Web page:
DIY holiday made easy with Pinterest

Turn your door into a Frosty one with some paper.

Hayley Glatter, Columnist

Downtown Evanston has been outfitted in glistening lights and wreaths, and your room, in comparison, is looking a little drab. So, turn your social media time into something constructive by checking out these holiday-themed Pinterest ideas to quickly and cheaply create some holiday cheer.


The first time it snows, it’s absolutely magical. The second time: awe-inspiring. The third: gorgeous. The 47th time in three months: dreadful.

Once March rolls around, snow is not exactly a welcome sight, but during the holiday season, the puffy white stuff is like a dream straight out of a fairytale. Unfortunately, the weather isn’t always (read: is never) dependable. So, to guarantee myself a pseudo-white Christmas, I headed to Pinterest.

As a child, I was the Salvador Dalí of paper snowflakes. I started with grand ambitions of beauty and ended with accidental confetti and something abstract. With the Pinterest craft instructions by my side, however, my flakes turned out far better.

These designs look complicated, but they’re totally doable. When completing these patterns, I sketched the design on my paper prior to cutting. If you’re a wizard with scissors, you can probably skip this, but if you’re closer the Neville side than the Hermione side of competence, I would recommend lightly drawing your pattern before cutting.

After sketching the designs, I cut them out and unfolded the flakes. I was surprised to see how closely they resembled the example.

For someone who is not artistic, these flakes were a quick, easy decoration that required me to buy absolutely nothing. This year, I’ll enjoy my white Christmas inside with my snowflakes, without the bone-chilling cold that nature brings.

Frosty Door 

Step aside, “Jingle Bells,” because “Frosty the Snowman” is the greatest holiday song ever.

As a Jewish girl, when “Frosty” comes on the radio I feel far less like a poser singing it than I do when belting out “Ode to Joy.” As a result, the little guy with a stovepipe hat has always held a special place in my heart.

To honor my favorite Christmas song character (#sorrynotsorry Rudolph), with a little help from Pinterest, I decorated my dorm door to resemble Frosty the Snowman.

It was pretty simple after I amassed the correct paper colors and removed the decoration that has identified my door as mine since Wildcat Welcome. Hopefully everyone still remembers my name.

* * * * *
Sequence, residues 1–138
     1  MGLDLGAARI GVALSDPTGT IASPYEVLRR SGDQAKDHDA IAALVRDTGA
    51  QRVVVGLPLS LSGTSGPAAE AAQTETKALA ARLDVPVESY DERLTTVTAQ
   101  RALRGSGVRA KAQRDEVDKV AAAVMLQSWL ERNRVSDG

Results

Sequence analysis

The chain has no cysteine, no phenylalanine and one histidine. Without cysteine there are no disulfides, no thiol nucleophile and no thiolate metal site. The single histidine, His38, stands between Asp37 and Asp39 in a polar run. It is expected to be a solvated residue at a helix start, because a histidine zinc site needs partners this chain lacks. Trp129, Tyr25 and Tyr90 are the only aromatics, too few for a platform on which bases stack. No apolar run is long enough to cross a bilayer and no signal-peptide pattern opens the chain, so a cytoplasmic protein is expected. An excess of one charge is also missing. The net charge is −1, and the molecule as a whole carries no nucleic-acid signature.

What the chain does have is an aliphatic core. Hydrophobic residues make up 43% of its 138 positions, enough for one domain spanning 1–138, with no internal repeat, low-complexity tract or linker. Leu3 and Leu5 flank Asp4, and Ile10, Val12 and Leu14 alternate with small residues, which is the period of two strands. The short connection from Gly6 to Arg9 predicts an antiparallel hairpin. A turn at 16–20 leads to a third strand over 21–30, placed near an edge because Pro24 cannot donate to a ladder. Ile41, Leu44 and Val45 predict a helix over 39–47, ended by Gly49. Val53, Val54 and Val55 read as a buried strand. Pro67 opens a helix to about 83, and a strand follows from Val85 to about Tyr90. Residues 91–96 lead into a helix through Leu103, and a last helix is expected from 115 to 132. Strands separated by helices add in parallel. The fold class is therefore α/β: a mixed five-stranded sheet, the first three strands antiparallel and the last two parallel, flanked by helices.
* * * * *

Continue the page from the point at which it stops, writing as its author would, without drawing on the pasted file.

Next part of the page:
This craft allows for some creative interpretation and personal touches. Don’t want Frosty to have his traditionally red scarf? Go rogue, and put polka dots on it. I’m not sure if you’re aware, but you only live once, so you should make your Frosty a rebel, if you’re so inclined.

After carefully cutting out all of Frosty’s extremities, I taped him to the door and took a step back. He’s so welcoming, and now that I have a paper friend guarding my room, the unfortunate reality of finals is a little less daunting.

Candy Cane Marshmallows 

When I arrived at Northwestern, I had grand ambitions of baking. I pictured bonding over late-night cookie dough and cupcake frosting while simultaneously joining every club and getting straight A’s.

Needless to say, my dream-like vision has not been realized because, despite popular belief, I am not Hermione Granger and therefore do not possess a Time-Turner. Unfortunately, there are only 24 hours in my day, and with three (read: six) of these precious hours spent tweeting at celebrities and Facebook stalking hot messes from high school, I haven’t exactly had much time for baking.

That’s why this peppermint marshmallow recipe is so perfect. It looks difficult, but in reality, you did everything in less than 15 minutes.

The only ingredients needed for this recipe are candy canes, marshmallows and chocolate. I began by melting down my chocolate and skewering my marshmallows with one candy cane each.

For those like me who struggle to make fondue-esque desserts, the hooked end of a candy cane is an excellent grip that prevents marshmallow slipping. And, after finishing the dipping process and coating the marshmallows in crushed candy canes, my treat looked holiday-ready. Not only was this dessert easy, but it was also fun to make.  


I am not ashamed to admit I brought a pair of 2006 bar mitzvah pants to college. They are exceedingly comfortable, and the fact is, just like the pants say, Michael’s bar mitzvah was nothing but net.

The first time I brought these pants out, my roommate was perplexed. She didn’t laugh at the fact that I still had pants I received in the seventh grade. She didn’t chuckle that I received them as a free giveaway. She didn’t understand any of it because she had never been to a bar or bat mitzvah.

After retroactively inviting her to my own bat mitzvah (it was a 2007 sea-themed extravaganza, if you were wondering), I set out to educate her.

Naturally, this education involved learning how to play the Hanukkah game, dreidel. I sought to enlighten my Northwestern friends on the finer points of spinning the toy and the wondrous gelt that could be won if victorious.

Unfortunately, a dreidel was not on my college packing list. Luckily, Pinterest was there, as always, to lend a helping hand. I found a very simple dreidel template that had my friends and me playing in a matter of minutes.

After cutting out and constructing the dreidel template, I used a pencil to serve as the spinning axis. It was not as resilient as the plastic toys I was accustomed to, but it turned out to be somewhat usable. So, if you’re itching to learn four new Hebrew letters and want to win some chocolate coins, Pinterest has your answer.

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